But frozen indeed everything was. We woke in tents at our pre-base camp situated at 4,417m in the middle of a pass heading up to Condoriri in the Cordilla Réal. I had slept very fitfully, and had the need for paracetamol in the middle of the night to stave off a reasonably significant headache. I hastily put my base layer and socks inside my sleeping bag to warm them up before I even thought of getting up.

The sun nearly reaches our tents at our first morning waking under canvas.

The sun nearly reaches our tents at our first morning waking under canvas.

And looking up the valley, the sun is about to poke its head around Huana Potosi too.

And looking up the valley, the sun is about to poke its head around Huana Potosi too.

The llamas meantime, know how to seek out a sunny spot.

The llamas meantime, know how to seek out a sunny spot.

Breakfast was a similarly cold affair in the dining tent, after we had packed the tents and bags ready for the impending mule train by about 7.30am. We eventually began walking at about 9am, by which time the sun had come up and the temperature had risen probably 20 degrees.

We set off up the dirt road and the conditions were breathless. The impending beast of Huana Potosi, at 6,088m loomed large in front of us most of the way. It looked colossal, and I wondered how achievable it really was, it being our third mountain of four this trip. But no matter, we had to get to Base Camp and hopefully achieve two other even more technical mountains first!

Huana Potosi - not looking quite so imposing here, but in real life it is quite a sight.

Huana Potosi – not looking quite so imposing here, but in real life it is quite a sight.

About half way into the journey we turned off the dust track and headed up the side of a lake and onto a mountain path. Never steep, it gently turned up towards the Condoriri mountains, which looked very steep and dangerous, precipitous ceracs hanging from huge glaciers.

The Condoriri range comes into view.

The Condoriri range comes into view.

And the mule train brings in all of our equipment and supplies.

And the mule train brings in all of our equipment and supplies.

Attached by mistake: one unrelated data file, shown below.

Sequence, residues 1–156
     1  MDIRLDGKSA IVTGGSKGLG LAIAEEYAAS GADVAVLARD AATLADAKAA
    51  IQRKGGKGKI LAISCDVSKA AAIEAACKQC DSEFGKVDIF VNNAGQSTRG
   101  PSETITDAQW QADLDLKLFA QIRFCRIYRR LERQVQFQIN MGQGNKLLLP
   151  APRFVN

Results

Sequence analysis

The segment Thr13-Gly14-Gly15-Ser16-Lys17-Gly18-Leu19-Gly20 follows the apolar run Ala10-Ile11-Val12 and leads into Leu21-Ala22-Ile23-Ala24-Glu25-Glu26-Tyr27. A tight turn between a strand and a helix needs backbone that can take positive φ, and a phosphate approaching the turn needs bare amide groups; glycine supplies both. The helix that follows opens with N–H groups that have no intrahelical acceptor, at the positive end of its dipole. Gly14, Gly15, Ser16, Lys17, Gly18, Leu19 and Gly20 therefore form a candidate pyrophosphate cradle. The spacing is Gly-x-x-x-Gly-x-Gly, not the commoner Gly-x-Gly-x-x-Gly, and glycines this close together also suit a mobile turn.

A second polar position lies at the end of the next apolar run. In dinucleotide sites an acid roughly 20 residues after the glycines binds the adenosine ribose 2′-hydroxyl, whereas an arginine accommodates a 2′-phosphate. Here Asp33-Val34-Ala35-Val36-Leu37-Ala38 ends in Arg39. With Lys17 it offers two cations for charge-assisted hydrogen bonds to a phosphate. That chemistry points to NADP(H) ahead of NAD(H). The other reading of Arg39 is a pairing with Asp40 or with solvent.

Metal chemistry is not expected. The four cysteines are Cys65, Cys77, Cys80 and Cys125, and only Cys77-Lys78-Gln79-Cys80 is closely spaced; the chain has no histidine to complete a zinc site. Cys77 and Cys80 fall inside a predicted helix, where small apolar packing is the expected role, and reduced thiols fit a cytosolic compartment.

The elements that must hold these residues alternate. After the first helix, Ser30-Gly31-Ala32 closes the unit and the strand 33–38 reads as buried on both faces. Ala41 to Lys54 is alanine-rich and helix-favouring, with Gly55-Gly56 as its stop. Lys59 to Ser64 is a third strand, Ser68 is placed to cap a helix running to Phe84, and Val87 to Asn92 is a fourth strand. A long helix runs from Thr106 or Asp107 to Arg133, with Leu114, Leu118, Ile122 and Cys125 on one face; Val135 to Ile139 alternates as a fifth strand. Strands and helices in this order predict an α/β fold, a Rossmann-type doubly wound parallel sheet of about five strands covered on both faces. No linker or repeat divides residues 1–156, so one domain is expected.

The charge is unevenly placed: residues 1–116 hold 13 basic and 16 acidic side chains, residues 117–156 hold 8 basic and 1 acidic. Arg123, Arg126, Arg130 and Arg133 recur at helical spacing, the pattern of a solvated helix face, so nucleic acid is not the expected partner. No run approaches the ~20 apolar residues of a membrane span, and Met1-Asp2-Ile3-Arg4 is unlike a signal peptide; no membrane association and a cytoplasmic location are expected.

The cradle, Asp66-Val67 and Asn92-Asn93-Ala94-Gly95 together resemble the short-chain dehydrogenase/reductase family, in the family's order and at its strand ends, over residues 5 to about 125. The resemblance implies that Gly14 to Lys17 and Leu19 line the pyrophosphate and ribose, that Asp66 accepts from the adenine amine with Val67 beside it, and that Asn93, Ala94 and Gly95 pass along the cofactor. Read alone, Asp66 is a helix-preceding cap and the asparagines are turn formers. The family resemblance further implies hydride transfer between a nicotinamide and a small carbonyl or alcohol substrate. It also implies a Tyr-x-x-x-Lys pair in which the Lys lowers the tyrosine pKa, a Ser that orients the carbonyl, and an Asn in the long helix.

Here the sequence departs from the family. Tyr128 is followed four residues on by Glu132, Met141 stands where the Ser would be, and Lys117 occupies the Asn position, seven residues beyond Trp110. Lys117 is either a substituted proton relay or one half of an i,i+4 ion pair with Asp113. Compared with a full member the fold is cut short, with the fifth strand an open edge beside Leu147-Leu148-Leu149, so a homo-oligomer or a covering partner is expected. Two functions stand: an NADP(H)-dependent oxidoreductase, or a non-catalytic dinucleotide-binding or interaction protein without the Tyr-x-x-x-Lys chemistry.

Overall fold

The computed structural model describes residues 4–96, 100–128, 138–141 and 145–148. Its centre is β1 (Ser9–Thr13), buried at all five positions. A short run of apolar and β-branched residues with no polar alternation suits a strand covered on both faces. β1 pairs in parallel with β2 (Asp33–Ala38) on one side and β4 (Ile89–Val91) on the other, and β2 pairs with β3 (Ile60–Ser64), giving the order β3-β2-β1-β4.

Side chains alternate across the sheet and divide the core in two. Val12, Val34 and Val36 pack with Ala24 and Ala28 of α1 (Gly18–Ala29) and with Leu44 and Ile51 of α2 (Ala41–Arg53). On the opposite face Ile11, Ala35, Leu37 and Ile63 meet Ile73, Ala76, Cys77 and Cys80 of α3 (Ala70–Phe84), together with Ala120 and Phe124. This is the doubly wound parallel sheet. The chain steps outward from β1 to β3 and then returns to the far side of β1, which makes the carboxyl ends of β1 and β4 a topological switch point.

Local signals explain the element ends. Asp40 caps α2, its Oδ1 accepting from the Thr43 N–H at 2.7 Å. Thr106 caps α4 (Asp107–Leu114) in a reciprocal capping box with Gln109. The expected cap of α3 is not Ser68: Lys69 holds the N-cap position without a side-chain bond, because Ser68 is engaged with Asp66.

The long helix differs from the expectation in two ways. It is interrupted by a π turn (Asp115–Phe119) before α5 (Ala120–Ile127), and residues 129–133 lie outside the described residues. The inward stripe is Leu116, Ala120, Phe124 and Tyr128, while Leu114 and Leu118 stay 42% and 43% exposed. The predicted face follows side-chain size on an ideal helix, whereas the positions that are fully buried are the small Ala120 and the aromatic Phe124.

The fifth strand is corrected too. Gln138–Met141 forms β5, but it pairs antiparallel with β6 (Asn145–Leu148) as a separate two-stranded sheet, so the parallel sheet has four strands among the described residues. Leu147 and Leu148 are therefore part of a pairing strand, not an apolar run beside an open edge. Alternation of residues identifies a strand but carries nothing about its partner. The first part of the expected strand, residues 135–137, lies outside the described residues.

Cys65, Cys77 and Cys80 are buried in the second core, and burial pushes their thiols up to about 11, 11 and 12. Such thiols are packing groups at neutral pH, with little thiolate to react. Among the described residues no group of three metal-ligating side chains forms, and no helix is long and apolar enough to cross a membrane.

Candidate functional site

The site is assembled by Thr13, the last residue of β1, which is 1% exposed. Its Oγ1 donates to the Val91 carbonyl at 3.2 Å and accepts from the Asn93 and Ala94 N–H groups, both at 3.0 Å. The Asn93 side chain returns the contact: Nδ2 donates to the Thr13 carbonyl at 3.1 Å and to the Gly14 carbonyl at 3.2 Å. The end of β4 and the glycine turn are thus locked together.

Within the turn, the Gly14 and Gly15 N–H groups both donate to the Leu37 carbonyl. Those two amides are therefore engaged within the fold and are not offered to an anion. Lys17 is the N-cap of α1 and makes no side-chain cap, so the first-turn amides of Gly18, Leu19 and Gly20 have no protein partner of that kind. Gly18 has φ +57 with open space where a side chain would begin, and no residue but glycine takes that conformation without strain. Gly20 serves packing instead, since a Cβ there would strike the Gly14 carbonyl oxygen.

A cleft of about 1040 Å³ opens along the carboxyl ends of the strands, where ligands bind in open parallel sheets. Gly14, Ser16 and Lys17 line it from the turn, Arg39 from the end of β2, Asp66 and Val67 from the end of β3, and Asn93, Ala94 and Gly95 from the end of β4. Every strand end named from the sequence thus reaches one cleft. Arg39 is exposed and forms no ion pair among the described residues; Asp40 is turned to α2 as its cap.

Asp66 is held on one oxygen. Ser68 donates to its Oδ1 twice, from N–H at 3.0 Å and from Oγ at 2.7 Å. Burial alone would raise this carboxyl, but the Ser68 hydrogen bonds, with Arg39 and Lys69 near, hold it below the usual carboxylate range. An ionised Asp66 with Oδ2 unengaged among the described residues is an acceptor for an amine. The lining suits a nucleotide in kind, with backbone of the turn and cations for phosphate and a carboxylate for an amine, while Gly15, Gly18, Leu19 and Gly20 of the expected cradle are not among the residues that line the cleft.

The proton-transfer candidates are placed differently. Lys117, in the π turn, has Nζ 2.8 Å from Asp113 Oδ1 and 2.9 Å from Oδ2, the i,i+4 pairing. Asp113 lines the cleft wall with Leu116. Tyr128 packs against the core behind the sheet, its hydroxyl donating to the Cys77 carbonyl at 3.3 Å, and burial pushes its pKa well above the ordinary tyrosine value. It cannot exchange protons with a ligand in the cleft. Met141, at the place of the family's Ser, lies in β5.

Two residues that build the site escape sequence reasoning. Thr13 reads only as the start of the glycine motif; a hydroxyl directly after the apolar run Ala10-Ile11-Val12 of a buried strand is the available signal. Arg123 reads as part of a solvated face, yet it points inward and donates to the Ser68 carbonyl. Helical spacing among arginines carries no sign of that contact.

The mules passing us by at their own quite sedate pace, but I would too if I had a table on my back!

The mules passing us by at their own quite sedate pace, but I would too if I had a table on my back!

We stopped for a break at the edge of a lake overlooking the mountains, and we could now see our first two objectives too. On our left, Pico Austria, tomorrow’s objective at 5,300m, looked considerably larger than her actual height. Far far in the distance above a large glacier peered the summit of Pequena Alpameyo, which looked far steeper than the proclaimed 60 degrees in the brochure. I reminded myself that this trip was called Bolivian CLIMBER, and now I knew why. I also turned round to Olan, our guide, and said “bloody hell that looks ridiculously steep!”. Instead of him replying with what I expected to be something like “ah don’t worry it’s not so bad when you’re on it”, he just said “yep”. I shuddered slightly. This was going to be far far more difficult than anything I had attempted before, but I blocked those thoughts out and carried on with the trek and resolved to just take one day at a time.

On our way into Condoriri Base Camp - this lake is at 4,600m.

On our way into Condoriri Base Camp – this lake is at 4,600m. Pico Austria, tomorrow’s objective, is on the left.

We reached Base Camp not long after midday, and after deliberating about whether or not (the answer was not) to do some fixed rope practice in the afternoon, we ended up with the rest of the day to ourselves. This was great, as it gave the opportunity to just get used to the altitude and acclimatise. We were just above 4,700m, a height at which I had only slept three or four times previously, and so I’d need to get used to it, especially as we would be here for five nights.

Some of the others went on an acclimatisation walk up the ridge to take them higher still, but about half of us decided that this was high enough for now. We also needed the rest, tomorrow’s 5,340m summit attempt was going to be a tough effort both in terms of altitude and effort, so a rest was to me just perfect.

Camp is set again, this time we will be here for five nights at Condoriri Base Camp.

Camp is set again, this time we will be here for five nights at Condoriri Base Camp.

After a peaceful afternoon involving a short walk to the lake and a few games of cards (a Norwegian game called ‘President’ was fun, even if I ended up becoming the ‘bum’) the temperature dropped rapidly even before the sun went down. Olan told us that there was some snow forecast for tomorrow, so although we wouldn’t be on the glacier, conditions might be tricky.

Bed came early at about 8pm as everyone just wanted to get into their sleeping bags. Tomorrow would hopefully be a very good day, and a first summit. My head was clear, I was finally ready.